Thursday, December 03, 2009

worse than enron?

Common Dreams | Enron was the financial scandal that kicked off the decade: a giant energy trading company that appeared to be doing brilliantly-until we finally noticed that it wasn't. It's largely been forgotten given the wreckage that followed, and that's too bad: we may be repeating those mistakes, on a far larger scale.

Specifically, as the largest Wall Street banks return to profitability-in some cases, breaking records-they say everything is rosy. They're lining up to pay back their TARP money and asking Washington to back off. But why are they doing so well? Remember that Enron got away with their illegalities so long because their financials were so complicated that not even the analysts paid to monitor the Houston-based trading giant could cogently explain how they were making so much money.

After two weeks sifting through over one thousand pages of SEC filings for the largest banks, I have the same concerns. While Washington ponders what to do, or not do, about reforming Wall Street, the nation's biggest banks, plumped up on government capital and risk-infused trading profits, have been moving stuff around their balance sheets like a multi-billion dollar musical chairs game.

I was trying to answer the simple question that you'd think regulators should want to know: how much of each bank's revenue is derived from trading (taking risk) vs. other businesses? And how can you compare it across the industry-so you can contain all that systemic risk? Only, there's no uniformity across books. And, given the complexity of these mega-merged firms, those questions aren't easy to answer.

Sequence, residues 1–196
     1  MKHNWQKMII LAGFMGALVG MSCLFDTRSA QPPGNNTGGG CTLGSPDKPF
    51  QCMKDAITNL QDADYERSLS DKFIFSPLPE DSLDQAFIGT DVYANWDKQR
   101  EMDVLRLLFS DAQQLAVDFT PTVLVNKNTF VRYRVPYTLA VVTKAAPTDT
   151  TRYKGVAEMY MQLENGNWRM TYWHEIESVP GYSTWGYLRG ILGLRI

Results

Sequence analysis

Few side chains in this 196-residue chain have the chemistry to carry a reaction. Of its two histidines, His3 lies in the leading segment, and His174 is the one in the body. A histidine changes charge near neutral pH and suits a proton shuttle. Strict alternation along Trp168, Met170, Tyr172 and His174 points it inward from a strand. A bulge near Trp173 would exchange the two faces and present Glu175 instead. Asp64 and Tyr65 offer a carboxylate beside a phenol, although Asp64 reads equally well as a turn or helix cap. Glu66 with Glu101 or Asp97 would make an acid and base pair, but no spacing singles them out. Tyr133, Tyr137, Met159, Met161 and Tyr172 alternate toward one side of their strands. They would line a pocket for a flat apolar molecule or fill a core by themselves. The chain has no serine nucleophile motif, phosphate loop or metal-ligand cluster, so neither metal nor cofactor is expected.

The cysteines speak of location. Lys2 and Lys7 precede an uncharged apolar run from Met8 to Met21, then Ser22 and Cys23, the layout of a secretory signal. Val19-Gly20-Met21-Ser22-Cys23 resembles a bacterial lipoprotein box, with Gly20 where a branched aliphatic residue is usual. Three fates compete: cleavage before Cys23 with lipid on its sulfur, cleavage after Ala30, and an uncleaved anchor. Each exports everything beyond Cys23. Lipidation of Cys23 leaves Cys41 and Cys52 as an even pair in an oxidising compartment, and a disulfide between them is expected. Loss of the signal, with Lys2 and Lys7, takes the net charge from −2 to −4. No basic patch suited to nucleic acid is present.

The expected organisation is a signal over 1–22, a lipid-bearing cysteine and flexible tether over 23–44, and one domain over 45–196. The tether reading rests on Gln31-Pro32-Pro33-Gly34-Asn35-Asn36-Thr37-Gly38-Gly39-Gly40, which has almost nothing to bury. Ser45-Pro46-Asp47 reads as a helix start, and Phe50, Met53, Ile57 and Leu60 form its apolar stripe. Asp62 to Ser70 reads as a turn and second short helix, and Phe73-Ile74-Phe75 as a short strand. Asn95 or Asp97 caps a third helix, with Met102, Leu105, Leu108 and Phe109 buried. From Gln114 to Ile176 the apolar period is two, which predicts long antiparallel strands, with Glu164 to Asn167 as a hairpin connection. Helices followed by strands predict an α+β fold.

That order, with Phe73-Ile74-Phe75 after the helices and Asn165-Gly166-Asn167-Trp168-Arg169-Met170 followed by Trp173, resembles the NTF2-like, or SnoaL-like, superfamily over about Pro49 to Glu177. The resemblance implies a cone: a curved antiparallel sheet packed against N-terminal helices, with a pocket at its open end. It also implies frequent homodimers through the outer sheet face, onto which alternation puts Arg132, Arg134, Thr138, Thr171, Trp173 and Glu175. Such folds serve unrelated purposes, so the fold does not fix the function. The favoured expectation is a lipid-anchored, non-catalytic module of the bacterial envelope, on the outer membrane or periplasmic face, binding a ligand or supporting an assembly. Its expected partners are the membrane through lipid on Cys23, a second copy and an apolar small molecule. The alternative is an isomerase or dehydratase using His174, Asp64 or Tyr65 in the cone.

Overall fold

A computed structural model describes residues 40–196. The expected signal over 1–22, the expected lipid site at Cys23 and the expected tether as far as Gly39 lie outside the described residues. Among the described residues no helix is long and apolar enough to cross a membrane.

Goldman Sachs and Morgan Stanley, for example, altered their year-end reporting dates, orphaning the month of December, thus making comparison to past quarterly statements more difficult. In the cases of Bank of America, Citigroup and Wells Fargo, the preferred tactic is re-classification and opaqueness. These moves make it virtually impossible to get an accurate, or consistent picture of banks ‘real money' (from commercial or customer services) vs. their ‘play money' (used for trading purposes, and most risky to the overall financial system, particularly since much of the required trading capital was federally subsidized).

Trading profitability, albeit inconsistent and volatile, is the quickest way back to the illusion of financial health, as these banks continue to take hits from their consumer-oriented businesses. But, appearance doesn't equal stability, or necessarily, reality. Here's how BofA, Citi and Wells Fargo play the game: